Nisean by Parfums de Marly is a proof that an woody-oriental fragrance can be conventional without being boring. The first spray will deliver a healthy dose of the typical for the genre resins, woods and flowers. You may smile and say to yourself that Nisean is a well-composed fragrance but nothing you haven't smelled before and you'll be right.
We all have been there before. You find a fragrance you love just to discover all your friends hate it. You might rationalize saying people have different tastes. That's true but it's probably not the only reason why people turn their noses up.
Here are three reasons you'd never guess why people may hate your perfume.
To get a sense what it's like experiencing Hermes's Rocabar, take your favourite song and play it very at a very low volume. You can barely hear a coherent melody and all the straining kills your joy.
Rocabar is one of the perfumes that make up the core Hermes's fragrance collection. Others fragrances it includes are Belle Ami, Equipage, Caleche, and Eau d'Hermes. I have been unfortunate to have never smelled the original release of Rocabar, as rumour has it, it was an amazing fragrance. I recall smelling a reformulated version around 2009, which I remember being a lot more potent than the watery juice Hermes is currently peddling.
Two years ago I wrote that Creed Aventus is the perfume of choice for soulless climbers of the career ladder. I'm not sure why but today I have warmer feelings toward Aventus and its ubiquitous wearers.
I have to be honest - I have always liked Creed Aventus. Olivier Creed masterfully blended roasted pineapple, smoke and creamy vanilla to create fragrance that is original, versatile and with mass-appeal at the same time. Balancing originality and mass market appeal appears to be a tall order for many designer fragrance houses.
What comes to mind when you hear Clive Christian? For me, it's opulent chandeliers and this brooding image of him.
As I keep swirling Clive Christian in my head, other, funny images come to mind. One of them is a video of his daughter Victoria demonstrating a new perfume release. Wearing a white magician glove she sprays the fragrance in the air and then fans it towards the audience. I saw this video five years ago and it still makes me laugh.
Someone just recently pointed out to me that bergamot doesn't grow in Venice. It doesn't even grow in Northern Italy. A quick search to confirm this fact revealed that most of the Italian bergamot (80%) is grown in Calabria, Southern Italy. Southern France and Turkey also grow some but this is beside the point.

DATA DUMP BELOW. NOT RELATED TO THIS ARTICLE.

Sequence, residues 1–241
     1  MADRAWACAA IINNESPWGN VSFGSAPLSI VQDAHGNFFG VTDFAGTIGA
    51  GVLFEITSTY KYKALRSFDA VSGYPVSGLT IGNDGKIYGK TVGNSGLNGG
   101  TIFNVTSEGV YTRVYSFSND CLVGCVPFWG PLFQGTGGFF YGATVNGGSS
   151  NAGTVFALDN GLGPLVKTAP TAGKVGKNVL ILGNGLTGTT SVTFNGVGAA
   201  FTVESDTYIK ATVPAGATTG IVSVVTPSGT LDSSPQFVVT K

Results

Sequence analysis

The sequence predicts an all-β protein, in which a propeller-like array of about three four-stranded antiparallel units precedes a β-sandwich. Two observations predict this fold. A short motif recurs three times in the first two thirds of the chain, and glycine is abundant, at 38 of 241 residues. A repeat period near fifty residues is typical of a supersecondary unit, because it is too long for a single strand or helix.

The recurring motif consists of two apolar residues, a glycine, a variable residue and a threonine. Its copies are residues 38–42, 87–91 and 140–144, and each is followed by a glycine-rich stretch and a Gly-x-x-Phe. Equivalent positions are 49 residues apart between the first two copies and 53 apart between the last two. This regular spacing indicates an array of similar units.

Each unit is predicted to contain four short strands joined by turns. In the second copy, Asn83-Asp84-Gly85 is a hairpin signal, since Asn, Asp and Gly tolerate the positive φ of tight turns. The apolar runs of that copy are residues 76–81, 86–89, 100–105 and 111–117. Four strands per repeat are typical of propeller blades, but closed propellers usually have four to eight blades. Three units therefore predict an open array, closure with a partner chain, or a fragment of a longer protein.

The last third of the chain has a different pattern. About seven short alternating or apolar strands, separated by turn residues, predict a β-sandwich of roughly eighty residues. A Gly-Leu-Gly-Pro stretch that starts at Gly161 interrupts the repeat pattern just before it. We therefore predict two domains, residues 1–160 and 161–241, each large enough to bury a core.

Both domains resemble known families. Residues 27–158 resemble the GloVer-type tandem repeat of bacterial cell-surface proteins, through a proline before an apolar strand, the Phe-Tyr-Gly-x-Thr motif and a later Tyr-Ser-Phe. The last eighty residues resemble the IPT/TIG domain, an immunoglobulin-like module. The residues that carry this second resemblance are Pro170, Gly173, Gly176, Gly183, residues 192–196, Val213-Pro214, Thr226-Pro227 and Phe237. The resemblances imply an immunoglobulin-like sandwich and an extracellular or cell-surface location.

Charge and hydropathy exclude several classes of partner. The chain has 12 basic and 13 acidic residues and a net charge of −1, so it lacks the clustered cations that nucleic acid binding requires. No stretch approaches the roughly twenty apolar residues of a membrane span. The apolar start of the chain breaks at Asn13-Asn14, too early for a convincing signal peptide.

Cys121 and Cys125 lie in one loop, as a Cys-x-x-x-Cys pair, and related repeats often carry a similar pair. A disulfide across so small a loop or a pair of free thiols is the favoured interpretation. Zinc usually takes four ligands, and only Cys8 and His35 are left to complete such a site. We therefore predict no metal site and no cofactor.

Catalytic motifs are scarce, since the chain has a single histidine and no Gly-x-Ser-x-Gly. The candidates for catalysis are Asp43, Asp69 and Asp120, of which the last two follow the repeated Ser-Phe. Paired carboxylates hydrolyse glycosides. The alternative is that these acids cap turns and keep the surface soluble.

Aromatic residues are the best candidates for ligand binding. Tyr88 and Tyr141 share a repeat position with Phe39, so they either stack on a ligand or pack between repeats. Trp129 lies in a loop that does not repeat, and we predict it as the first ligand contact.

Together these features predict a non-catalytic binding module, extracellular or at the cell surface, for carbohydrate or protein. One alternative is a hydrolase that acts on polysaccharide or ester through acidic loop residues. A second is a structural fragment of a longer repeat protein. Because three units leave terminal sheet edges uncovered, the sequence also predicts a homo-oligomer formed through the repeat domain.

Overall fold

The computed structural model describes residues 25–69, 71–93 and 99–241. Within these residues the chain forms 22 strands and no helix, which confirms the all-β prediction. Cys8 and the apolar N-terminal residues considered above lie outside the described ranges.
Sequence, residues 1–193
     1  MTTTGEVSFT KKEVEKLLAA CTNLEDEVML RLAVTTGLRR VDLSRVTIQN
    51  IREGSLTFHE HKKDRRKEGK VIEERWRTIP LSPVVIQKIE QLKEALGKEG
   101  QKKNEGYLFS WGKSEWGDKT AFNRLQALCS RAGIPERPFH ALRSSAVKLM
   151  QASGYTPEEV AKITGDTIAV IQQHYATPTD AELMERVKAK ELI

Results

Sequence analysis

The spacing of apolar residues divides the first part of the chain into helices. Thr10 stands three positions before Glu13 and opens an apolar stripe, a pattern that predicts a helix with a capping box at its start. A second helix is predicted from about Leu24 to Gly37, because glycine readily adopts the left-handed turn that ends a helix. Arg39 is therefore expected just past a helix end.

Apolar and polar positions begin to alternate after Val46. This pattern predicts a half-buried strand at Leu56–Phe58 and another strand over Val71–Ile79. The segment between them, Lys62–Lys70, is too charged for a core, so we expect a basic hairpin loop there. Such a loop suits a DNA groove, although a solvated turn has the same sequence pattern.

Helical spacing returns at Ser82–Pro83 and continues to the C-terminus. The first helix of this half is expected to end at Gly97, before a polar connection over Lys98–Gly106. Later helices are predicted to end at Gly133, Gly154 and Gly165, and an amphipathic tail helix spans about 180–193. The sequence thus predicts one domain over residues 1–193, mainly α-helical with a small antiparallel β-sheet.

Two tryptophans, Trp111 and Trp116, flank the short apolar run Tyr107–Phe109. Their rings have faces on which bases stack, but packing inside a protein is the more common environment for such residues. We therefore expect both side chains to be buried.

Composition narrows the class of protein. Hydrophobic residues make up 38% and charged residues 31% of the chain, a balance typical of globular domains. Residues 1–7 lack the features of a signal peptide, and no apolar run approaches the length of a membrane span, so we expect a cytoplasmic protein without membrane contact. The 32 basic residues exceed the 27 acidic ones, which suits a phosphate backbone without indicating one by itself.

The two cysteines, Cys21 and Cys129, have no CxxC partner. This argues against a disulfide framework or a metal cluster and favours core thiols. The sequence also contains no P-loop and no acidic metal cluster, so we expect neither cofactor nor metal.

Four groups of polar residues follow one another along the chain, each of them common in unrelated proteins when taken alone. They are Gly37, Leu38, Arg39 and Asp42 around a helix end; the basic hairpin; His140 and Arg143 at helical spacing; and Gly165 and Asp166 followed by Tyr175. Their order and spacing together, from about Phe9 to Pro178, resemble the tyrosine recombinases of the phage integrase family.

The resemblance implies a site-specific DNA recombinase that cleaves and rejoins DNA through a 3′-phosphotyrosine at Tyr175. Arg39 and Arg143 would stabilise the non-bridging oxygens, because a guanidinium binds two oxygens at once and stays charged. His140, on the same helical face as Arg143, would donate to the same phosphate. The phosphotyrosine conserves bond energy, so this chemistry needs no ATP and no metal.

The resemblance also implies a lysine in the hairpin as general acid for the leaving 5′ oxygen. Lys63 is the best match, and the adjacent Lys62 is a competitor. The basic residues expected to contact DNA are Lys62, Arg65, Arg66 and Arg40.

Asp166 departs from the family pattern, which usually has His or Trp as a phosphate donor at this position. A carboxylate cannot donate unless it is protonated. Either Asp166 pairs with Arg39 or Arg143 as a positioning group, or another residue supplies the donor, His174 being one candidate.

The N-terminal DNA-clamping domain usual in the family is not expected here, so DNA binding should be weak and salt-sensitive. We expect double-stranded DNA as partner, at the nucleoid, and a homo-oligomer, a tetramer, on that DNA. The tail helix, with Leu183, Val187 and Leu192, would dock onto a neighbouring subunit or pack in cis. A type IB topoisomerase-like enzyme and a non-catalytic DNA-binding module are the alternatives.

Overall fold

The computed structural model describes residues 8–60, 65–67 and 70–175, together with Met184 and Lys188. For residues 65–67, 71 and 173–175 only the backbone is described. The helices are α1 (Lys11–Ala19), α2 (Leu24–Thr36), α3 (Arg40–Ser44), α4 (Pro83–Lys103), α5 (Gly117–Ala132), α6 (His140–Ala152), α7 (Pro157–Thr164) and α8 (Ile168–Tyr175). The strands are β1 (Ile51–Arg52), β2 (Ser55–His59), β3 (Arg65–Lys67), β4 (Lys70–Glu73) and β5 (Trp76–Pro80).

This leaves me with a burning question in my mind: what Venetian beramot is Tom Ford talking about? The official description of the fragrance tells me that the Venetian bergamot is, in fact, "the sun-drenched citrus from Italy's south", which "is transported to the Northern city of grand palazzos..."
If you think leather fragrances are heavy and iris is a sad note, Andy Tauer is about to change your mind. His latest release, Lonesome Rider, features leather and iris but has little in common with what your typical leather and iris perfumes.
The idea for Lonesome Rider was not thoroughly new. This fragrance is the reincarnation of another perfume Andy Tauer created shortly after his most successful composition, L'Air du Desert Marocain, hit the market. The name of the original fragrance was Orris and, according to Andy, it featured iris and a very high quality oud among other notes.
I've decided to switch things up this year. Instead of going with the latest designer release for the summer, I'm going to wear a classic cologne. The kind that is bracingly fresh and mouthwateringly bitter. A type of scent Paul Newman or Gianni Agnelli wore in their prime.
If you spend any amount of time with frag heads you are guaranteed to hear a rant or two on how the fragrance companies keep ruining classic fragrances by constantly reformulating them. Talk to any Dior Homme fan and he will tell you great detail the nuances of each batch by year and month of release bemoaning how Dior ruined their masterpiece in search of higher profits.
The fragrance industry has always been wrapped in a cocoon of mystery and secrecy. It's not that perfumes are made in secret, it's that you rarely get a glimpse of what is behind the scenes.
Occasionally, a mass media outlet would release a story on the back-end of creating a fragrance.